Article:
App For That

21 04 2010

While we are all waiting with baited breath for apps to find their way onto our TVs, there’s another screen that just popped onto the radar. And it’s one that we look at more often than we think.

It’s called a dashboard.

Ford is proceeding with plans to offer dashboard apps on its Ford Sync starting with the 2011 model year. And while there are only three apps currently available (including Pandora, the broadcast radio killer), there is bound to be a gold rush ahead as developers scurry to put their little icons in front of your eyeballs.

Eyeballs moving at 70 mph.

I suppose it was inevitable, and to be honest, I do not loathe this latest attempt to reduce our lives to handy little clickable widgets. Each one is like a Swiss Army knife of information, entertainment and more. They simplify. They streamline.

And (drumroll, please) they present ever more marketing opportunities.

Go ahead and crash that cymbal, because that is where this is all heading. I can see the day rapidly approaching in which we will have, for example, a Pizza Hut app on our dashboard. With one tap we could order dinner while moving down the road. That’s much safer, I suppose, than having to drive and dial.

If the car’s OS is also running a 3G cell phone connection, we’ll have always-on internet connectivity, making these apps more and more useful as they are developed. Pushing Pandora through the car stereo will be a snap. Real-time traffic conditions will be the norm. And current radar shots will help us steer clear of tornadoes and hail.

Naturally, this raises the question of exactly where all this tapping will occur in the car. In the name of safety, it must be on a centrally located console so that a passenger can do the bulk of the tapping. We really do not need to replace one road hazard with another. Furthermore, the apps would have to have some limitations, with the emphasis on simplicity.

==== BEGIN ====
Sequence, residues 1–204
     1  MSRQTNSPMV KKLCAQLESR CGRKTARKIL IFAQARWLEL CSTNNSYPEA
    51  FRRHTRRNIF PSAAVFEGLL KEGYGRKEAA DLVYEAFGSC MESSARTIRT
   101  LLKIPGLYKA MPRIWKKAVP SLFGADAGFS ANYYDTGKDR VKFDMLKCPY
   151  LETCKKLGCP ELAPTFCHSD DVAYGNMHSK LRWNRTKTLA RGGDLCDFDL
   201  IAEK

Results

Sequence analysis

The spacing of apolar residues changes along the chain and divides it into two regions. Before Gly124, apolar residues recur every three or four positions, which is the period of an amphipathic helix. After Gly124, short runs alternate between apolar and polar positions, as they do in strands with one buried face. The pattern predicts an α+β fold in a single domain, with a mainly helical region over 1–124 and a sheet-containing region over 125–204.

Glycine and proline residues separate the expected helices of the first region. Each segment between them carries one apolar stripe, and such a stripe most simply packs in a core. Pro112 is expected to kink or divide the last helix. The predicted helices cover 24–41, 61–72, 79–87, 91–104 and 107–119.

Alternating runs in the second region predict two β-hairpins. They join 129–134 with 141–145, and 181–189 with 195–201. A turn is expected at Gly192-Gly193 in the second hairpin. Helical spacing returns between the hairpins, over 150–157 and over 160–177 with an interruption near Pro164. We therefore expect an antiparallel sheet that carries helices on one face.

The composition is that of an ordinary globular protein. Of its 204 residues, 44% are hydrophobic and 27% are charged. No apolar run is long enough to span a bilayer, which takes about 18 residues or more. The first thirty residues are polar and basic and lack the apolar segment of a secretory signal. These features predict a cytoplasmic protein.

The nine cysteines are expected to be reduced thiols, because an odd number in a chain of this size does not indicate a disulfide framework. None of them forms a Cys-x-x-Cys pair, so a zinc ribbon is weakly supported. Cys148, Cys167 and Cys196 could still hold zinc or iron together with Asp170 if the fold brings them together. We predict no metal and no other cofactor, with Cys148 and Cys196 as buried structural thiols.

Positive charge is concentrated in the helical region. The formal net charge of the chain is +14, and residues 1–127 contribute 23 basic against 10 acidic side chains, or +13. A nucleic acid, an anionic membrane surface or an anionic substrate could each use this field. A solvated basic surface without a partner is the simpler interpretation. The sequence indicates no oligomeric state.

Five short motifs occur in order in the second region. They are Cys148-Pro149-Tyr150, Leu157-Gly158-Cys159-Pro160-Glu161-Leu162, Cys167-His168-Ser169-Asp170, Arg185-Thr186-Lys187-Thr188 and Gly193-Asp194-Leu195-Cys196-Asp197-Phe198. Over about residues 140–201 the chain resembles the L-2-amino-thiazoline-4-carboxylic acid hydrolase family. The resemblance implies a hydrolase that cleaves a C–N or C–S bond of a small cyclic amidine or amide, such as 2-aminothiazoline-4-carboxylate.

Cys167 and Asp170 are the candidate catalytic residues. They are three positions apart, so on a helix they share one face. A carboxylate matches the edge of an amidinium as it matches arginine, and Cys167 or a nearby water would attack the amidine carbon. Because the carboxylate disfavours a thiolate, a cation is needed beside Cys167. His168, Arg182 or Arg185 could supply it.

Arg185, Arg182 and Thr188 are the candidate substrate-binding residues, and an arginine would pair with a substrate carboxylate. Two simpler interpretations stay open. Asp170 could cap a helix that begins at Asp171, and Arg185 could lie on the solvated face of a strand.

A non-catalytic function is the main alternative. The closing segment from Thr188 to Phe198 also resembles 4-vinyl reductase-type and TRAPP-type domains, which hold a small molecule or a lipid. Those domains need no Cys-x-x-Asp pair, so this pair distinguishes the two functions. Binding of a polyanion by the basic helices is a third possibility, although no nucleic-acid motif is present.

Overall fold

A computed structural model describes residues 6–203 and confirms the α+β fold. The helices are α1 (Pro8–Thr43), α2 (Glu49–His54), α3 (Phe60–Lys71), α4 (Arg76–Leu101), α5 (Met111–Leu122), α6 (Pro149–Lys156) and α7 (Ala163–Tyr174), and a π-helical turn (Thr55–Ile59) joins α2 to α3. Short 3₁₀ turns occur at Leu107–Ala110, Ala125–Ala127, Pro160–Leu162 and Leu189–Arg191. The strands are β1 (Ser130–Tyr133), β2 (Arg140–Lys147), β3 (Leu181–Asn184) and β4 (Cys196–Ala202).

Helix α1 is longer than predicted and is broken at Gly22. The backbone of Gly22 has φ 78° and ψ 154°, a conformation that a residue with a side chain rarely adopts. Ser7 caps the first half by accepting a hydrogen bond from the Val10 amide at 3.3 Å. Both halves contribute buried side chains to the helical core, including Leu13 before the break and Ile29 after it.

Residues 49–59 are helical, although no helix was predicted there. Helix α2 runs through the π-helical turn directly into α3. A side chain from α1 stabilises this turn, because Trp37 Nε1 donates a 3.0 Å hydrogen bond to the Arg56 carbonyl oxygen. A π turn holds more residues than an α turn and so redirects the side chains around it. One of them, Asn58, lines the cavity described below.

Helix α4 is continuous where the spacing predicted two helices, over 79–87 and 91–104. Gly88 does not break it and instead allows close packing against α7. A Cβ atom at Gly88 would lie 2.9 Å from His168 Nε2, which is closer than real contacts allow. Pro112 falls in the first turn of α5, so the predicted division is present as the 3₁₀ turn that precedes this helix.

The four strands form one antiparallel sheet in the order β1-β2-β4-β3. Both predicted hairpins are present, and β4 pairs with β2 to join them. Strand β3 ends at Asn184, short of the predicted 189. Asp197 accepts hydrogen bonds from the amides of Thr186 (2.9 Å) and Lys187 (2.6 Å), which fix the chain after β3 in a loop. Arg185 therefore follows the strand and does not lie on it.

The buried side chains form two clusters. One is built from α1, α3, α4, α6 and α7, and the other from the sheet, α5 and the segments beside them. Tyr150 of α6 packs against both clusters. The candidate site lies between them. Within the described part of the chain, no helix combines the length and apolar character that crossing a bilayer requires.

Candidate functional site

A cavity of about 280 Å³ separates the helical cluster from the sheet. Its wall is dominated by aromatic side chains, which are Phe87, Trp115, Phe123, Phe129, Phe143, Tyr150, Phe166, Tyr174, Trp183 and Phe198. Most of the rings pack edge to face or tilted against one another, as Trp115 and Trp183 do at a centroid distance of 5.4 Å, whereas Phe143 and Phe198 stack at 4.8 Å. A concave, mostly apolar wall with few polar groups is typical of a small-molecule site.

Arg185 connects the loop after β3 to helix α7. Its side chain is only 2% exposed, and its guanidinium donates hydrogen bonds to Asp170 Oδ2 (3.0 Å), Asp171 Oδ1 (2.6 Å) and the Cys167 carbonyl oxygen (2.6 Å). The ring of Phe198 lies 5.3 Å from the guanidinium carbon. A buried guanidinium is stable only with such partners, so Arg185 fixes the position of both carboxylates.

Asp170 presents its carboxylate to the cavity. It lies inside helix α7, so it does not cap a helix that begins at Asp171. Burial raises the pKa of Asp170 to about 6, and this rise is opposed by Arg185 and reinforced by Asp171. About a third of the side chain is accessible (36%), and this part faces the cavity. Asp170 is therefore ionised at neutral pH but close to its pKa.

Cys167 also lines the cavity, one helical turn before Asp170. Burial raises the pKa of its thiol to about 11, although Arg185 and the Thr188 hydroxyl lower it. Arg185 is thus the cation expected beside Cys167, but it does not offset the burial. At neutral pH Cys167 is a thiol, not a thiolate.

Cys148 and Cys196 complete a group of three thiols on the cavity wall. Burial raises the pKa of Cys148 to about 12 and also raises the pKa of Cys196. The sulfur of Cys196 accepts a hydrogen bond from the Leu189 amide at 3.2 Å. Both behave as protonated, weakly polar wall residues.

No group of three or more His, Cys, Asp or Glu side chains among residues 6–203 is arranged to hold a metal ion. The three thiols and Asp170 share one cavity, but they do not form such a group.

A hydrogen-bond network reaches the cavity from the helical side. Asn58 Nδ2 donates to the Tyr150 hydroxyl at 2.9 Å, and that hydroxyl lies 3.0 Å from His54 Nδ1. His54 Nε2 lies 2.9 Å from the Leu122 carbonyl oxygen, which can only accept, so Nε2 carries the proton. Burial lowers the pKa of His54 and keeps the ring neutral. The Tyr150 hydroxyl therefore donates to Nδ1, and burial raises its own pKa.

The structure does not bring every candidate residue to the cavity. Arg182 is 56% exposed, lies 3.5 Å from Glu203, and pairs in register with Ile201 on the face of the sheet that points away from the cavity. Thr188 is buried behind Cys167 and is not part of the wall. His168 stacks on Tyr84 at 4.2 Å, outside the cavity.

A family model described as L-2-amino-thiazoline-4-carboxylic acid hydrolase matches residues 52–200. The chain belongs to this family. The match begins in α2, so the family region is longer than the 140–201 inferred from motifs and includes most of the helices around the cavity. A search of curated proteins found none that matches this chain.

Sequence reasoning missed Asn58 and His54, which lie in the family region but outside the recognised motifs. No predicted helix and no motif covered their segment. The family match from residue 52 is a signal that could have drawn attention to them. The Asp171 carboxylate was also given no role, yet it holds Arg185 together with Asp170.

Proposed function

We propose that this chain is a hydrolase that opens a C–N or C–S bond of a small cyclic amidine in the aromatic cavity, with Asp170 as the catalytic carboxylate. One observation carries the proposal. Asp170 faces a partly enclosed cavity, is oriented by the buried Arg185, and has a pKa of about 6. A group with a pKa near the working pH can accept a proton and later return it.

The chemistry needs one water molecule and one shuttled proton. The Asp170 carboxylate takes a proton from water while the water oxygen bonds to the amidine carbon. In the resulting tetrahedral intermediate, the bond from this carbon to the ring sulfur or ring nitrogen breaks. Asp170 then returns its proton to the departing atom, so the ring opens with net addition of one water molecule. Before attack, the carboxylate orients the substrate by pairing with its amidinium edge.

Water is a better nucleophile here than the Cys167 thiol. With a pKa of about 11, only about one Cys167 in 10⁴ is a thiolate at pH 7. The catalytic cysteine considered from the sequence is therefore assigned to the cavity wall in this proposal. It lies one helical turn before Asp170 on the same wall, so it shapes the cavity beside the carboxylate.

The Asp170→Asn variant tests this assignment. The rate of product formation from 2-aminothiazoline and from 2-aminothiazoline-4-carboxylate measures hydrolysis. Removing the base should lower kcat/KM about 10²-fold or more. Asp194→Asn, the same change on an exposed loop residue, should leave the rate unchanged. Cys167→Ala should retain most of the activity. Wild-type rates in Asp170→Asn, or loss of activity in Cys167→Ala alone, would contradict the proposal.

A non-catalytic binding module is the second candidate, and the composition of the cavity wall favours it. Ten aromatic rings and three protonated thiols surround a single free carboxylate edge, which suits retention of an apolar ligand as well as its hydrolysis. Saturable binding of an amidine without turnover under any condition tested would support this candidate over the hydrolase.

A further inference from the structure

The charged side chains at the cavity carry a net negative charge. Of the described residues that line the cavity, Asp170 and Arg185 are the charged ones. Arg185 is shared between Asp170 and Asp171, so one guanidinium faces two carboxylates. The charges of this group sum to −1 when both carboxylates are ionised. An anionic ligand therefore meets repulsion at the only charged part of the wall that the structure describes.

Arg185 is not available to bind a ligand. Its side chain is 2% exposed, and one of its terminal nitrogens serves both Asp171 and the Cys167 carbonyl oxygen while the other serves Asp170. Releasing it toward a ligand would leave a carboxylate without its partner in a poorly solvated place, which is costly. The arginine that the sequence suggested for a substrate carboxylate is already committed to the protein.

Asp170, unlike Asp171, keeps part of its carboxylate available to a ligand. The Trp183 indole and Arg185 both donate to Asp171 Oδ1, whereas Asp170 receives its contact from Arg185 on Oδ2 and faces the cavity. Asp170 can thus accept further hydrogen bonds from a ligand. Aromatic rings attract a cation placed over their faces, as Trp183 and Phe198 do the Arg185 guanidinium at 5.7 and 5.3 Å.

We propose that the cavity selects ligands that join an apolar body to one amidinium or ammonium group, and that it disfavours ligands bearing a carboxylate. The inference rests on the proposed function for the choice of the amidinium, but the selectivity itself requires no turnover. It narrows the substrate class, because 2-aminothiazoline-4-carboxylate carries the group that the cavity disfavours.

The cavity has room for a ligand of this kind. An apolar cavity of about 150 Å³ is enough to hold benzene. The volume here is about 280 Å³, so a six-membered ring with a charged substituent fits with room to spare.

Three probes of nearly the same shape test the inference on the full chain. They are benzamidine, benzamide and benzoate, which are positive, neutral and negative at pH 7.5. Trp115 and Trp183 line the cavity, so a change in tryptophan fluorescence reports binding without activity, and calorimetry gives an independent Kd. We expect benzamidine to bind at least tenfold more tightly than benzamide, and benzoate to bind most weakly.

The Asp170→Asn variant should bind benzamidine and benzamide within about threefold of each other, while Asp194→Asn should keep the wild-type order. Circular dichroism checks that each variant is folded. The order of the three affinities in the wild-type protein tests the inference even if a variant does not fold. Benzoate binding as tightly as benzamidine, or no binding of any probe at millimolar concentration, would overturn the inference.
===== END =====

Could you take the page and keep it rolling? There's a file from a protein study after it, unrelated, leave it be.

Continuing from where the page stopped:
But this is all doable. I see the greatest opportunity in reaching out to motorists while they are rolling down the road. Forget billboards, for they clutter the landscape. Far better to simply push the adverts onto the dashboard LCD, and better yet, through location-based apps. Yep, just like Gowalla and 4square. While the driver must have ultimate on-off privileges, GPS tracking will allow marketers to push extremely relevant information to us at the exact right time.

Like when we’re a half-mile from a Red Robin.

Critics will no doubt scoff at the intrusion of our so-called private vehicular space, but I respond by saying we have had broadcast radio for decades…and they do plenty of location-specific advertising. The only way to avoid commercial messaging today is to do what we have been doing for years: Just turn it off.

As for me, I am an information junkie. I probably won’t buy a Ford Sync, but I would happily purchase an after-market retrofit for my Hyundai. I want to pump my Pandora stations through my car speakers without having to fiddle with bridging to my iPhone. I want to be able to order pizza while heading from Amarillo to Canyon. And I really do want to stay out of the way of tornadoes.

It’s that time of year again, you know.

Dr “Driving Force” Gerlich




One response

21 04 2010

Thank you so much for your information.

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